Westchester dam removal to help threatened fish species thrive
The Furnace Brook Waterway in Oscawana Park has been removed.
Riverkeeper, an environmental group, teamed up with the state Department of Environmental Conservation to complete the process in less than 2 hours.
The removal cleared the way for migratory fish, including the river herring and American eel. Experts say the impact could last a lifetime.
"It's historic,” says Dr. George Jackman, of Riverkeeper. “We’re changing the course of history right now. What we're doing is we're changing the trajectory of the world."
Environmental officials are teaming up to remove obsolete dams and restore spawning grounds for fish as they move between nursery, feeding and spawning grounds.
“The fish have been trapped on these tributaries by these dams that no longer serve any purpose,” says Krista Birenkrant, of Riverkeeper. “So, this is just such a historic moment to remove these dams and allow these fish to come back to their historic spawning grounds."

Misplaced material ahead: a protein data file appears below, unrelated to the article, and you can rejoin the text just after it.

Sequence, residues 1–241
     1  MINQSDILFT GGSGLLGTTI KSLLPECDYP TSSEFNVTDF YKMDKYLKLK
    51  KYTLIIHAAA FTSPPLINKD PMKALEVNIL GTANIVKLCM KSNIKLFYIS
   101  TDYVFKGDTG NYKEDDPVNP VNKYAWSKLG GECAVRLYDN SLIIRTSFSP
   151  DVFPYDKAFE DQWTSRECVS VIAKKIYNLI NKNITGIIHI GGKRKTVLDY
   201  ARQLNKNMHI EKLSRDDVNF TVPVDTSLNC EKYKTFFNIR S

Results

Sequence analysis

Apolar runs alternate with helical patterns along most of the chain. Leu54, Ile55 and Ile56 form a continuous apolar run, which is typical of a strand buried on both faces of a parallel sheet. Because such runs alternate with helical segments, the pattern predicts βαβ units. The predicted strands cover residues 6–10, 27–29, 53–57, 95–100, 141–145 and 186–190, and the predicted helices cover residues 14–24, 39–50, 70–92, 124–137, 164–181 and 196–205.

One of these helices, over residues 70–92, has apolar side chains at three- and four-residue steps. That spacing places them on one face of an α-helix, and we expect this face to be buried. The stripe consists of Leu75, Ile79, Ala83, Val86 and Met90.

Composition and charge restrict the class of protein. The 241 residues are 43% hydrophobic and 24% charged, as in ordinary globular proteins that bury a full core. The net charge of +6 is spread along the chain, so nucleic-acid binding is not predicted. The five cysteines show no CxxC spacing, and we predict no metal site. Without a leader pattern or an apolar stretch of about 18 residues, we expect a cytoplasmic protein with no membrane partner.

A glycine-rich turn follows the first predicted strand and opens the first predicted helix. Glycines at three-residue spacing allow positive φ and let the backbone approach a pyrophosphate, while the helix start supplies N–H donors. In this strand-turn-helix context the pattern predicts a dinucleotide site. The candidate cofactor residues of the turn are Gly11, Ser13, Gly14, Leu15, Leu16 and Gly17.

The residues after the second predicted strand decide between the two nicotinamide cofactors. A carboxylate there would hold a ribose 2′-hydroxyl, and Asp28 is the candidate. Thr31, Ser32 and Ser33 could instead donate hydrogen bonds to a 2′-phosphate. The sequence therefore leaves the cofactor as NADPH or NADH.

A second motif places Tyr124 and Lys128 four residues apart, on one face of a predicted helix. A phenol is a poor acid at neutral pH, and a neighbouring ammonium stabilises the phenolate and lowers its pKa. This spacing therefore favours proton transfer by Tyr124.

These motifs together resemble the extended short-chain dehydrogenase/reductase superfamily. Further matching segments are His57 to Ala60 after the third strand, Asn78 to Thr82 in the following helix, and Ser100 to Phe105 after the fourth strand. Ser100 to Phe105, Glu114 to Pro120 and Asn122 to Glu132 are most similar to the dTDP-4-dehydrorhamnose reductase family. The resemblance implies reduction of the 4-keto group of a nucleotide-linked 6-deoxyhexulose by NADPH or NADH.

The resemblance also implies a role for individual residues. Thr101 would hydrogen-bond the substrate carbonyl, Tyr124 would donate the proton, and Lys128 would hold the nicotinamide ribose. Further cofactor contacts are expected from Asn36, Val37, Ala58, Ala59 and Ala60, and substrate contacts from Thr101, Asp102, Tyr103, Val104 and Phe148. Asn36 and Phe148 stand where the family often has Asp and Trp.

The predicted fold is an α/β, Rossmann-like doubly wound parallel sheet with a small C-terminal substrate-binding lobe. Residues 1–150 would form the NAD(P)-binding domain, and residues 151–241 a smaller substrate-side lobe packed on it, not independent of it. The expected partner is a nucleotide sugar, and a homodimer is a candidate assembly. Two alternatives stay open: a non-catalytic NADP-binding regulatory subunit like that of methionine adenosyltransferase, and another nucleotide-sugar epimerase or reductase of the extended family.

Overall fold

While the various species of migratory fish are not yet considered endangered, environmentalists say their numbers are declining. Jackman says, "Part of the reason they have been depleted is the loss of habitat.”
"This is just, we're starting a movement, you can see my shirt, 'Join the dam movement'. We're trying to really get a groundswell of community support to remove these obsolete dams that are no longer serving any purpose except blocking fish,” says Birenkrant.
A similar project was recently completed in Orange County.